J&K: New Compact Goes Nowhere

J&K: New Compact Goes Nowhere

19 June 2012
The Asian Age
S.K. Sinha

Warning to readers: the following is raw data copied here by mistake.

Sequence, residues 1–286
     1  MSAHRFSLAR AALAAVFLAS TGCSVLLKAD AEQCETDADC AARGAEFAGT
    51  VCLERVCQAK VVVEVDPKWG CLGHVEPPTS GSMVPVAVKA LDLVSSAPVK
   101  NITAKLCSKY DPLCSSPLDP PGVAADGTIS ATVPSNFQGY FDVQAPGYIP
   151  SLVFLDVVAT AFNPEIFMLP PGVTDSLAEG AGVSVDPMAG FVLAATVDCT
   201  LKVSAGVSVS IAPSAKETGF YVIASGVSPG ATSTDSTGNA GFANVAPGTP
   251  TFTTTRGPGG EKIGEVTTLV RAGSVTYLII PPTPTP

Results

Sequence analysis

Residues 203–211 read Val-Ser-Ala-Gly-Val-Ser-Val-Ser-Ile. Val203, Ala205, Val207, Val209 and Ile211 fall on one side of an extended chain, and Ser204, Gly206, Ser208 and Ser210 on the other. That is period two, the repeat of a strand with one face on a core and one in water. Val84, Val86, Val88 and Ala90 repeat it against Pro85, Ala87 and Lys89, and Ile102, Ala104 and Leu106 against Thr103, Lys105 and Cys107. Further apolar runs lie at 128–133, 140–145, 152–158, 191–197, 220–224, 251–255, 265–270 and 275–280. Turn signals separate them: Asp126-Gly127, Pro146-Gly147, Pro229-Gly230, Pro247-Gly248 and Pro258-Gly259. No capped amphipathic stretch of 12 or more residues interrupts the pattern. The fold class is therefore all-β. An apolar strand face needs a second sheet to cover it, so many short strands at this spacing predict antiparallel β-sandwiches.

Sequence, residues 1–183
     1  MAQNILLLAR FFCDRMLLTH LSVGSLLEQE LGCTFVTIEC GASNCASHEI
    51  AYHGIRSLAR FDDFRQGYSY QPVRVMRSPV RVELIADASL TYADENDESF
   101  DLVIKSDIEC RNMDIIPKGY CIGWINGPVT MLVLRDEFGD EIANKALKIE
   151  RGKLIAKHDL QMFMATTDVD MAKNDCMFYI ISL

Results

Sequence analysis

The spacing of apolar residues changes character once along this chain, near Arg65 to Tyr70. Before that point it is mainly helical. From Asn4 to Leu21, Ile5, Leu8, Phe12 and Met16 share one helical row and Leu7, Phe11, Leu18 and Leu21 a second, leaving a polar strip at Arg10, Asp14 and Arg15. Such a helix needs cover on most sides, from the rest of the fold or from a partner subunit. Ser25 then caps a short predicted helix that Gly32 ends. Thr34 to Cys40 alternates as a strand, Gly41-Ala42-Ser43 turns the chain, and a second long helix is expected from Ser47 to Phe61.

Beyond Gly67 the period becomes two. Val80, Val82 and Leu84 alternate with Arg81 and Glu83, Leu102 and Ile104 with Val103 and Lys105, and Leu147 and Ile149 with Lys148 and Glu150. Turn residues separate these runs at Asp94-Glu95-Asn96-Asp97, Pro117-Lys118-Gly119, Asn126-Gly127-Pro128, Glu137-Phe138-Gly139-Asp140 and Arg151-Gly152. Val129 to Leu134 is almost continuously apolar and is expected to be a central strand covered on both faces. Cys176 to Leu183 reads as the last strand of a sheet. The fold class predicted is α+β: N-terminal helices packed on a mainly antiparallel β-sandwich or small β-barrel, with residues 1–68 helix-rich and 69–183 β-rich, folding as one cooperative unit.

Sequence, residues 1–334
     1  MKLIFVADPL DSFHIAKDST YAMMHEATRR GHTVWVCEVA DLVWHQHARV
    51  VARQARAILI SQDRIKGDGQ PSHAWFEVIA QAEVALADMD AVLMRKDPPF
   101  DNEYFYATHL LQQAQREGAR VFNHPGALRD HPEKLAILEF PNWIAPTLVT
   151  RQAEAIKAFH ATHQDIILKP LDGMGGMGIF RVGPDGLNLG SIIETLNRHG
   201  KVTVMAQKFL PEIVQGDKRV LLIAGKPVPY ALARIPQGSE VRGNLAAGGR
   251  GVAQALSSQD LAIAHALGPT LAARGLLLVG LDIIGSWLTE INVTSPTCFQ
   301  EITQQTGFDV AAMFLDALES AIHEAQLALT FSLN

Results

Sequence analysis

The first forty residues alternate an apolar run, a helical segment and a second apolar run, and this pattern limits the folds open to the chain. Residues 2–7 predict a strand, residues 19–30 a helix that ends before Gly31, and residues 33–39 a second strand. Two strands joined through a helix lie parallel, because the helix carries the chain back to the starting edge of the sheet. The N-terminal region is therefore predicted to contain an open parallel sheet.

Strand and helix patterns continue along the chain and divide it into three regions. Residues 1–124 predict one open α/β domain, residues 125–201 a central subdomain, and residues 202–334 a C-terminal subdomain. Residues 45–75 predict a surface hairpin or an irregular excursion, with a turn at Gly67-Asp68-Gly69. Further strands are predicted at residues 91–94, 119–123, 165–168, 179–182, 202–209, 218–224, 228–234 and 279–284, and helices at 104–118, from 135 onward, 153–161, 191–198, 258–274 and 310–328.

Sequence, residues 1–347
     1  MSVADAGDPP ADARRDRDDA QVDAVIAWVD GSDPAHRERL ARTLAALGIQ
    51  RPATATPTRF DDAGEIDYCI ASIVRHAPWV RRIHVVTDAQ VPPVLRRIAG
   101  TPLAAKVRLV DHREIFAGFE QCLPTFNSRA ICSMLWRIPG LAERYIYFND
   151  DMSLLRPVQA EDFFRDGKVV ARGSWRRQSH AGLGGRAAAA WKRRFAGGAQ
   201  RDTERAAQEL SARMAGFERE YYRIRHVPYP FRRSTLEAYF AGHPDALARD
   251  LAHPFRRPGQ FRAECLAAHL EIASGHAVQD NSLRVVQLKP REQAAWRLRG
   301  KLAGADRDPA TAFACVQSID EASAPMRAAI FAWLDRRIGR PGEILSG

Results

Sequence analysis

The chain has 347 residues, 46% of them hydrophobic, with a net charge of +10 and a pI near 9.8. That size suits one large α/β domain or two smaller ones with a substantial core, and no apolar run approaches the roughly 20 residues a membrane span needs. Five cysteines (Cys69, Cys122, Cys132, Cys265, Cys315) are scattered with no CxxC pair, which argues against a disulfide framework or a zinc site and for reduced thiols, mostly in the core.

New Delhi: The three eminent interlocutors for Kashmir, Dileep Padgaonkar, Radha Kumar and M.M. Ansari, went about carrying their complex task with great diligence, touring 22 districts of Jammu and Kashmir, meeting 700 delegates and addressing three mass meetings attended by thousands of people. The separatists refused to meet them. In 2004, N.N. Vohra, the present governor, was the one-man interlocutor and the separatists had refused to meet him. They boycotted the two Round Table talks convened by Prime Minister Dr Manmohan Singh. Mirwaiz Umar Faroooq refused to sit with other stakeholders whom he called “Tom, Dick and Harry.” Notwithstanding this, the interlocutors took into consideration the expressed views of the separatists. The 176-page interlocutors’ report is a comprehensive document. It claims it avoids “the pitfalls of viewing the myriad issues bedevilling the state from the prism of any one region or ethnic or religious community.” However, there is a marked tilt towards the Valley in their recommendations, ignoring some ground realities. The oft-repeated questionable feeling of “victimhood” and assault on “honour and dignity” appears to have overinfluenced them. This applies to the 60-mile-long Valley only, and not to the remaining tens of thousands of square miles of the state. The interlocutors have ignored certain basic facts. Kashmiri Muslims do not constitute a majority in the state. They are 45 per cent of the population, 20 per cent are other Muslims like Paharis, Gujjars, Bakherwals and Kargil Shias and 35 per cent are Hindus, Sikhs and Buddhists. Separatists are confined primarily to Kashmiri Muslims and even amongst them many are not with them. A Mori poll conducted in 2002 by a British NGO, a known protagonist of Pakistan, found that 61 per cent Kashmiris are with India, six per cent with Pakistan and 33 per cent are undecided. The instrument of accession for Kashmir was not conditional. It was exactly the same as the instruments under which other states that merged with India or Pakistan. The only difference in the case of Kashmir was that India on her own made a commitment, separately, to allow the right of self-determination after peace was restored. No doubt Sheikh Abdullah was the tallest political leader in the Valley, but he had negligible influence outside the Valley. He was given a full rein and he took full advantage of this. The Nehru-Sheikh accord of 1952 allowed for the Indian national flag to be flown alongside the Kashmir state flag in the state and the requirement for Indian citizens to obtain a permit to enter the state was scrapped. The craze for restoring the pre-1953 status may even prohibit the national flag flying in the state and reintroducing the permit system. The interlocutors have adopted many recommendations in Justice Saghir Ahmed’s report. This was submitted to the government in a dubious manner, without showing it to the other members of the working group. Amazingly, there is no reference in the interlocutors’ report to the Indira-Sheikh accord of 1975 after which Sheikh Abdullah got back to power. Sheikh Abdullah won a thumping majority in the subsequent Assembly election. This endorsed the accord. That election for the first time in the state was acclaimed as free and fair. The Sheikh had the extending of Central laws to Kashmir after 1953 examined. He decided not to pursue the matter. In view of this, the attempt to put the hands of the clock back to the pre-1953 position is misconceived. The interlocutors’ proposal to have a constitutional committee comprising members enjoying the confidence of all stakeholders and taking decisions by consensus on application of Central laws post-1953 to the state, is utopian. Changing Article 370 from temporary to permanent and even abolishing its first two clauses, making it further restrictive, is uncalled for. In the present political scenario, such a constitutional amendment, requiring a two-thirds majority in Parliament, is not feasible. A solution to the Kashmir problem based on minimum political links and maximum economic aid is unrealistic. The per capita Central aid to Kashmir is '11,000 as against Rs. 900-Rs 1,000 for states like Bihar and Orissa. The number of people living below the poverty line in the state has gone down from 41 to 21 per cent. Ninety-eight per cent householders in the state own houses against the national average of 66 per cent. The interlocutors have recommended regional councils for Jammu, Srinagar and Ladakh. This has been stoutly opposed by the separatists and their fellow travellers, saying that it will lead to the disintegration of the state. Jammu region, with an appreciably larger electorate, has nine seats less than Kashmir region in the state Assembly. There is a ban on any change being made till 2026. Thus, regional council falls short of the legitimate aspirations of the people of Jammu. In a New Compact with Jammu and Kashmir proposed by the interlocutors, there is emphasis on “harmonisation of relations across the LoC and development of joint association across the LoC for resource generation and other common matters.” The feasibility of this is questionable, what with the continued hate war being beamed from the other side, terrorist training camps flourishing and cross-border terrorism continuing. In 2005, we opened the Srinagar-Muzaffarabad road but the Kargil-Skardu road could not be opened due to the obduracy of Pakistan. The interlocutors have ignored this. The Kargil Shias continue to suffer, for having no truck with separatists and terrorists! The recommendation to provide pensions for the families of terrorists killed in encounters with security forces is bizarre. This does not happen anywhere in the world, including in the case of militants in the Northeast. Article 370 cannot be stretched to justify this. The jihadis believe that they will go to heaven if they sacrifice their lives for a holy cause. Government pensions for their families will only encourage them. The interlocutors have ignored the case of one lakh homeless and stateless residents in the state. In 1947, 30,000 non-Muslims refugees had come from Pakistan to Jammu. They are now over one lakh. Elsewhere in India, refugees from Pakistan immediately became Indian citizens, with two of them eventually becoming Prime Minister and one deputy Prime Minister. These one lakh people in Jammu to this day are denied voting rights for the Assembly and local bodies, they cannot acquire immovable property nor get employment in the state government or admission for their children in technical educational institutions. On the other hand, Tibetan Muslim refugees who came to Srinagar in 1950 were given full citizenship rights. Nearly 1,000 of them are today in the voters’ list of Zadribal and Idgah constituencies. As for the 5,00,000 Kashmiri Pandit refugees (official terminology is “migrant” implying that they moved out of their own volition), the report only pays lip service to their return to the Valley. No concrete or viable measures have been recommended. It is not surprising that the report of the interlocutors has evoked a negative response from almost all stakeholders. It has brought us nowhere closer to resolving the long-festering Kashmir imbroglio.